Researchers have developed a new eye scan that they claim could help identify autism in children years earlier than currently possible, an advance that may lead to better ways of diagnosing the developmental disorder.
According to the study, published in the Journal of Autism and Developmental Disorders, the non-invasive eye scan utilises a hand-held device to find a pattern of subtle electrical signals in the retina that are different in children on the autism spectrum.
The researchers, including those from Flinders University in Australia, tested the scan on about 180 people with and without autism between the ages of 5 and 21.
They said the potential biomarkers for autism spectrum disorder (ASD) utilised by the scan may also allow for early detection of other disorders, such as attention deficit hyperactivity disorder (ADHD).
“The retina is an extension of the brain, made of neural tissue and connected to the brain by the optic nerve, so it was an ideal place to look,” said Paul Constable, a co-author of the study from Flinders University.
He believes the test will be equally effective on younger children as it is quick, non-intrusive, and uses a hand-held device.
“Very early diagnosis means not only can children receive important interventions, but families are empowered to get the necessary supports in place, come to terms with the diagnosis, and make informed decisions,” Constable said.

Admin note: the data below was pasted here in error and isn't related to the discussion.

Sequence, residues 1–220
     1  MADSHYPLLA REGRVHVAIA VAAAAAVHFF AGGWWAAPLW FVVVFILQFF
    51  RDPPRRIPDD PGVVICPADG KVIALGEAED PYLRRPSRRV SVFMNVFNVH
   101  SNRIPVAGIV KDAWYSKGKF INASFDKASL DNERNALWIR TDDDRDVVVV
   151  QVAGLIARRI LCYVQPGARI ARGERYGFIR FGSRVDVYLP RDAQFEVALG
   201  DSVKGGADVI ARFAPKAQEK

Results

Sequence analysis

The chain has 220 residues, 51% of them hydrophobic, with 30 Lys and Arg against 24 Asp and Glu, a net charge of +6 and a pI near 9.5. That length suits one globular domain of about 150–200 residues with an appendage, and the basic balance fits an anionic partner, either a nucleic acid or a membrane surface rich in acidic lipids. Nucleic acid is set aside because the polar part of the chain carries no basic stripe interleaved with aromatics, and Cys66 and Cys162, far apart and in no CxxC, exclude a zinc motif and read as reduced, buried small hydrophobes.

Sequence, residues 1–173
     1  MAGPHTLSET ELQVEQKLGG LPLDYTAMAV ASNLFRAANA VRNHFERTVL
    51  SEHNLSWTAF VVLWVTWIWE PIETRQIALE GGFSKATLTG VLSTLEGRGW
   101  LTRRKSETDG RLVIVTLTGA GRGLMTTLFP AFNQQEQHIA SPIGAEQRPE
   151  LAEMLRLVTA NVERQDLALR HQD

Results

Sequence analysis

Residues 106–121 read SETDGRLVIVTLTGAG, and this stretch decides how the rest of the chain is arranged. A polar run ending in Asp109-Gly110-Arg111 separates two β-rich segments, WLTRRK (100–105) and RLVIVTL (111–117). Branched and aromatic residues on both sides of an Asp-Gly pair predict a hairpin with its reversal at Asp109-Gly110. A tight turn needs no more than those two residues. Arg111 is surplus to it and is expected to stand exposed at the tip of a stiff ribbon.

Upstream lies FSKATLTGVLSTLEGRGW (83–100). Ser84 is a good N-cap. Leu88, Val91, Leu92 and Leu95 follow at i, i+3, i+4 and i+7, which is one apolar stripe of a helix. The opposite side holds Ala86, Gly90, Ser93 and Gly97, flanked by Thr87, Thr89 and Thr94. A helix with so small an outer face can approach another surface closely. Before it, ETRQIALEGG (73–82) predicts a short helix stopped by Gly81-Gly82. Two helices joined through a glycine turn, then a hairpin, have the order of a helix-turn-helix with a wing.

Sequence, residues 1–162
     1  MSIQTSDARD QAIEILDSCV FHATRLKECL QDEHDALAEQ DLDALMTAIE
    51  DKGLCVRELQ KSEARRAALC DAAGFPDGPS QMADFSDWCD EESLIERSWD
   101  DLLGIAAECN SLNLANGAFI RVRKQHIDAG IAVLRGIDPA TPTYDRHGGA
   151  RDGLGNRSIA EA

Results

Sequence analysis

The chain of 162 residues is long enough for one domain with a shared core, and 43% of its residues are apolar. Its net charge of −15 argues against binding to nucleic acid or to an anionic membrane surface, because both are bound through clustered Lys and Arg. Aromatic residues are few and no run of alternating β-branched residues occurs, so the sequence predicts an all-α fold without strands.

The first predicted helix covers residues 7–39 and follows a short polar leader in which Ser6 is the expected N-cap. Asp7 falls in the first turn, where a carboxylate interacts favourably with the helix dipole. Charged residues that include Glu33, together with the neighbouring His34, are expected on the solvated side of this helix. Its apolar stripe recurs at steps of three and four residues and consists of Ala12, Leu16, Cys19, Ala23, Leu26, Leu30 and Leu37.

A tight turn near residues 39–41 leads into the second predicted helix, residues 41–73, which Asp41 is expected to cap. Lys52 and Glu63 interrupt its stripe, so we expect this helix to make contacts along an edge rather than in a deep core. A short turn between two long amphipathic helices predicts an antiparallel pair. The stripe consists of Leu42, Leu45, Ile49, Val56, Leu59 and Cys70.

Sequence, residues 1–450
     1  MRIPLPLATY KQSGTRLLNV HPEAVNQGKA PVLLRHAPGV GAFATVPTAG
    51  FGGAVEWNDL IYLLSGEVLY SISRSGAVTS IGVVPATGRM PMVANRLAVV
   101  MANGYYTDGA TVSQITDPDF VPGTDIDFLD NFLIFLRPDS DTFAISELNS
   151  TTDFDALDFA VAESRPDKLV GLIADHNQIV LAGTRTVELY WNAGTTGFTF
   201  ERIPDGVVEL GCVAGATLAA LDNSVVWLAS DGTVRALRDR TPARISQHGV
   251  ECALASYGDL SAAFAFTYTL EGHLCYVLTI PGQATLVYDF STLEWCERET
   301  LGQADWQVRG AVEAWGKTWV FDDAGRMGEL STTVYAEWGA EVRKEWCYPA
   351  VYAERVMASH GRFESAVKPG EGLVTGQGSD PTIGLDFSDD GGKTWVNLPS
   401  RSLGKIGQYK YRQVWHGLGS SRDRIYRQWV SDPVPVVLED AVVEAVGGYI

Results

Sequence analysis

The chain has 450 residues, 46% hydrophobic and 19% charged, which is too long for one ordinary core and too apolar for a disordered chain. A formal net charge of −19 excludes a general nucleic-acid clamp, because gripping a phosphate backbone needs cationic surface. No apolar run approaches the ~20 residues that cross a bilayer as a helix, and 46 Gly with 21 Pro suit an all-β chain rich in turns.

“Now we have found a likely candidate biomarker for autism, the next stage is to look at young children, even infants, as the earlier we can get to intervention stages the better,” Constable added.
According to the scientists, clinicians often encounter parents who have two or three young children with autism, since the chance of having a second autistic child is much higher for parents with one child on the spectrum.
They said early detection in firstborn children may give parents the opportunity to decide if they want to have more kids, with previous studies indicating an increased likelihood siblings of autistic children are more likely to develop the disorder.
“Detection inevitably changes family dynamics and goals, and creates consideration about the time required to help the child,” Constable said.
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